Home sales slip in December, up 9.2% for 2012
Pent-up demand is driving sales, but inventory was down 21.6% for the year. Sales in 2012 were the highest since 2007.
Sales of existing homes fell slightly in December, but prices continued to edge up, likely because inventory is so tight.
Sales were up 12.8% over last December but down 1% from November, according to data from the National Association of Realtors. Preliminary figures indicate that 2012 was the best year for home sales since 2007, with 4.65 million existing homes sold. That was 9.2% more than in 2011.
The number of homes for sale in December stood at 1.82 million, a 4.4-month supply at the current sales rate. That’s the smallest supply since May 2005. A six-month supply is considered a balanced market. The number of homes for sale has fallen 21.6% since last December. The last time this few homes were for sale was in January 2001.
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In the meantime, buyers who had been waiting for prices to quit falling are now entering the market, raising prices as they compete for scarce inventory.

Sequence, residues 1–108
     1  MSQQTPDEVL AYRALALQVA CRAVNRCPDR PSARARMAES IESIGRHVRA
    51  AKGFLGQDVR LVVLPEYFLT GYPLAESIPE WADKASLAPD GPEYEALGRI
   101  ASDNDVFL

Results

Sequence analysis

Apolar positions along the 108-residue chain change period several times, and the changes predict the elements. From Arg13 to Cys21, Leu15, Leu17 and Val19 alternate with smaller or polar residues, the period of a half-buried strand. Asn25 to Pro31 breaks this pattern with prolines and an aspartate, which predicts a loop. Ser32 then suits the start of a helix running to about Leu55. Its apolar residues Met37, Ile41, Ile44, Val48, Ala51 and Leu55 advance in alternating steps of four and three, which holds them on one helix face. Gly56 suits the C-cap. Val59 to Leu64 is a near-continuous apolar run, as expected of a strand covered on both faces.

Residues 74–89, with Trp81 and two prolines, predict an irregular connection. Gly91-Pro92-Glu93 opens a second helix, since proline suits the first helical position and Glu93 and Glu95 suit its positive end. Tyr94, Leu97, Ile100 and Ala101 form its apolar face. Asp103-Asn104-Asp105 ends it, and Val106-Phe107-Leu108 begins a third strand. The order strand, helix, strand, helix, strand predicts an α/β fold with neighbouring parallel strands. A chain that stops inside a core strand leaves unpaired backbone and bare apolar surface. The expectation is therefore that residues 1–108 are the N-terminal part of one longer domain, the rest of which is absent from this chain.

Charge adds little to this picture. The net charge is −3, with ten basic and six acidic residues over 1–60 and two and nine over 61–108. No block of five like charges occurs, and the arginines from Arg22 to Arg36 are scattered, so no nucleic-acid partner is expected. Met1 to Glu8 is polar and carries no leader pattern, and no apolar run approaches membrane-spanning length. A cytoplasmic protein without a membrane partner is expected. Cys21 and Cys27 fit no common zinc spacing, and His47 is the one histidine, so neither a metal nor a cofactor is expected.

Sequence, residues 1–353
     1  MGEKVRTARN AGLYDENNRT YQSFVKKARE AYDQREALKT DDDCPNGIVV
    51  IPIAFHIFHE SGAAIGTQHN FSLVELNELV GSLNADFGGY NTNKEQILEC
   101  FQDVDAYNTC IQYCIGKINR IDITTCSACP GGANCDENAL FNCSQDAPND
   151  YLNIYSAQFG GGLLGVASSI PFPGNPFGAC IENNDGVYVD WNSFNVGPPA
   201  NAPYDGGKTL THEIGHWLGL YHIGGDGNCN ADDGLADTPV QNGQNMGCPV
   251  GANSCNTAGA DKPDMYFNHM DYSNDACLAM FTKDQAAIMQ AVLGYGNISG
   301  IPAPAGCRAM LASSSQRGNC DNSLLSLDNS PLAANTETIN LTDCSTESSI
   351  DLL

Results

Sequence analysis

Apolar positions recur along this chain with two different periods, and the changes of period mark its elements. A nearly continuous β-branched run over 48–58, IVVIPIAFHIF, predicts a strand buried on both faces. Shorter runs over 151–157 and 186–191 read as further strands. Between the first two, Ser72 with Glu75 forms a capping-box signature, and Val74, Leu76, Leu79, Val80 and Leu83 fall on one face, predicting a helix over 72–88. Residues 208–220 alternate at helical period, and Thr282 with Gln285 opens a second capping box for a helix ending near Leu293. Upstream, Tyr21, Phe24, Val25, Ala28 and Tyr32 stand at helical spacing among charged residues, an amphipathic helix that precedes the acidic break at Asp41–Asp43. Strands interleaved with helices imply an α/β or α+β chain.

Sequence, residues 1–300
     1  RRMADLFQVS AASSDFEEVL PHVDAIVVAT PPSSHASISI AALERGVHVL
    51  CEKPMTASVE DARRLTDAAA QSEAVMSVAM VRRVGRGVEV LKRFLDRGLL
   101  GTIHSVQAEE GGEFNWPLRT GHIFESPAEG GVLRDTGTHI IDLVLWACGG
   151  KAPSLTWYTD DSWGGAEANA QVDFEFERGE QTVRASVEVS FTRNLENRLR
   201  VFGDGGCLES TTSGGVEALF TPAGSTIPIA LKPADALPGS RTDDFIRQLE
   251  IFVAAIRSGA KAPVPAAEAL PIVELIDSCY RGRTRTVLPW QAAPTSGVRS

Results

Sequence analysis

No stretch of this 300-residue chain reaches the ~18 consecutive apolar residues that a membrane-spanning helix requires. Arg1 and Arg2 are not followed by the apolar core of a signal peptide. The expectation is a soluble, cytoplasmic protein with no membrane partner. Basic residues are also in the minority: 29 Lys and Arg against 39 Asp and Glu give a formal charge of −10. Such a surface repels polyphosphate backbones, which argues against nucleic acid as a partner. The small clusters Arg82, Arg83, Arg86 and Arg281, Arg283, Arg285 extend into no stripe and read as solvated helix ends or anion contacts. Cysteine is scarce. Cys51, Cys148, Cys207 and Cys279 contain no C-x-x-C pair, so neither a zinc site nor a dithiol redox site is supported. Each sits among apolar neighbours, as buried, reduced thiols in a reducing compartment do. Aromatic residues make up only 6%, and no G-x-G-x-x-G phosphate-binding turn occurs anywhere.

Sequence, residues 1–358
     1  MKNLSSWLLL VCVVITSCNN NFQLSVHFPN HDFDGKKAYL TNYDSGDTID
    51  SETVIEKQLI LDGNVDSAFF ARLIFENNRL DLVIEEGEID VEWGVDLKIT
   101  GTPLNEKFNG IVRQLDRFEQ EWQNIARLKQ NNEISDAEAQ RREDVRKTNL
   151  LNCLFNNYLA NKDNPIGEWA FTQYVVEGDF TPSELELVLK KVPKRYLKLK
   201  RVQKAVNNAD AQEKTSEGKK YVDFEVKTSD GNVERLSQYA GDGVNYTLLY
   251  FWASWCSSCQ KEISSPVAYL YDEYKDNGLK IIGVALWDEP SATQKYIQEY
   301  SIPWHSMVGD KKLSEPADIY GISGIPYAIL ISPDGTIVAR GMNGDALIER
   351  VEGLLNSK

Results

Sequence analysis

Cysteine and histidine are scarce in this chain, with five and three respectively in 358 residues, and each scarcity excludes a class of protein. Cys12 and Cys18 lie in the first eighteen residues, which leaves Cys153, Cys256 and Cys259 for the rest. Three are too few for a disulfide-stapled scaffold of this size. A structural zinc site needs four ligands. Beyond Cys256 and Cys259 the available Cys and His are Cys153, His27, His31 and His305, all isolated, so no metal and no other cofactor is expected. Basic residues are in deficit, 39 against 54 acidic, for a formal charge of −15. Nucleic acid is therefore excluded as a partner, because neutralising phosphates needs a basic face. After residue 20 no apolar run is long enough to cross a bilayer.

"The number of potential buyers who stayed on the sidelines accumulated during the recession, but they started entering the market early last year as their financial ability and confidence steadily grew, along with home prices," Lawrence Yun, the NAR’s chief economist, said in a news release. "Likely job creation and household formation will continue to fuel that growth."
He predicts both sales and prices will continue to rise in 2013.
The national median sale price was $180,800 in December, nearly unchanged from the $180,600 in November but up 11.5% from December 2011. Using preliminary numbers, the median sale price for 2012 was $176,600, up 6.3% from 2011.
Distressed properties made up 24% of December’s sales, equally divided between foreclosures and short sales. That compares with 22% of sales in November and 32% in December 2011.
About Teresa Mears
Teresa Mears is a veteran journalist who has been interested in houses since her father took her to tax auctions to carry the cash at age 10. A former editor of The Miami Herald's Home & Design section, she lives in South Florida where, in addition to writing about real estate, she publishes Miami on the Cheap to help her neighbors adjust to the loss of 60% of their property value.